A woman who suffers with a rare form of blood cancer has opened up on her fear-induced isolation after it was announced that Covid-19 restrictions would be lifted.

Beth Bennett, from Corby Hill near Carlisle, said that her life was turned upside down on July 19 when she heard that compulsory mask wearing and social distancing would be brought to an end.

Beth, 24 who was diagnosed with diffuse large B cell lymphoma - a type of non-Hodgkin lymphoma - said she still feels at risk of catching Covid-19 and being badly affected by the virus despite having had both jabs.

On hearing the news that Covid-19 restrictions would be lifted, Beth said she cried.

It's terrifying and I can't go out anymore," said Beth.

"As long as I was at a distance from others, I felt safe to go out in my mask and it wasn't too bad, but when I heard that they were getting rid of the masks in particular, it was just horrible.

"It means it's completely not safe for me anymore."

According to the Blood Cancer UK, research so far suggests that Covid-19 vaccines might not work be as effective for everyone with blood cancer.

Blood Cancer UK added that most of the research currently underway is with people who currently have blood cancer and are therefore have a weakened immune system.

Beth was diagnosed with cancer at the end of February.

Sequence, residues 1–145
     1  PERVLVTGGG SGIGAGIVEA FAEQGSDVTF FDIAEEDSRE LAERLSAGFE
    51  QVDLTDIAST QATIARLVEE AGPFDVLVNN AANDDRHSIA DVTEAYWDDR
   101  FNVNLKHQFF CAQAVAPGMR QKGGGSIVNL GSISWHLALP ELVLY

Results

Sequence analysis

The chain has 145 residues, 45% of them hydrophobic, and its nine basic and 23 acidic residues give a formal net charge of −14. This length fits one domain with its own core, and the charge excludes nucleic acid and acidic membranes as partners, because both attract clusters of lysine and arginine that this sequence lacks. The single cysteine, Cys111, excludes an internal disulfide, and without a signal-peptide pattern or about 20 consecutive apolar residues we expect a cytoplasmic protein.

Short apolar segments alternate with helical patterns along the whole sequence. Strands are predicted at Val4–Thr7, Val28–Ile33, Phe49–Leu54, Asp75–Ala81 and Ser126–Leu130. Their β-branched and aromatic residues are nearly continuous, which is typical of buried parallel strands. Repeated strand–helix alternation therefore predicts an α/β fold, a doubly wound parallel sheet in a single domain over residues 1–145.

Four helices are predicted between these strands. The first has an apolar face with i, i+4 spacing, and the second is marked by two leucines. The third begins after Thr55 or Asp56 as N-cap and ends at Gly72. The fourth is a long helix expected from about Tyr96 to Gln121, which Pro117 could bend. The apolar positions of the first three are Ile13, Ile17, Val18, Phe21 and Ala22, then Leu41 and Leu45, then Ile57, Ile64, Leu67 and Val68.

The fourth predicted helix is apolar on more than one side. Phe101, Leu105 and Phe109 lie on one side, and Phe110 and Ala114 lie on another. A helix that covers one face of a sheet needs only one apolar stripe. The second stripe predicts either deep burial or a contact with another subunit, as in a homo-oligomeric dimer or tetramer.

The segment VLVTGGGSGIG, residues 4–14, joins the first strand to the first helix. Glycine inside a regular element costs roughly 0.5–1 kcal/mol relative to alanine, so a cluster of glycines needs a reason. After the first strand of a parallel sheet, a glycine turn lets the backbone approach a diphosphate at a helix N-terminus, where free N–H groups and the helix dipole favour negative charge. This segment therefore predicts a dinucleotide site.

Recalling a day that she plucked up the courage to courage to go into town not long after restrictions had lifted, Beth said she and her boyfriend were laughed at for wearing a mask in a shop.

She added: "I went into town not long after the masks were removed and I would never go back.

"We sat in the market and I was just terrified the whole time and I had to get out of there.

"We actually got laughed at for wearing our masks. It was very off-putting.

"I had my badge that asked people to keep their distance, and it had the Blood Cancer UK logo on it.

"Looking at me and looking at that badge you would know that there's something wrong with me.

"To get laughed at when it's kind of obvious that I'm not okay is not nice."

Beth said she would like to see more consideration, especially in places that are necessary to visit when getting on with day to day life.

she added: "I understand that they have to remove social distancing from restaurants and bars because businesses have got to get back to normal, but I think they should keep masks on public transport and in enclosed spaces.

"It's easy to not go out and eat at a restaurant, but you can't avoid everything.

"There are a lot of people who say the masks are so inconvenient and that we shouldn't have to wear them, but I don't see how the masks harm anyone.

"They're not going to die if they wear a mask, but I could die if they don't."

For more information and advice on blood cancer visit the Blood Cancer UK website at bloodcancer.org.uk.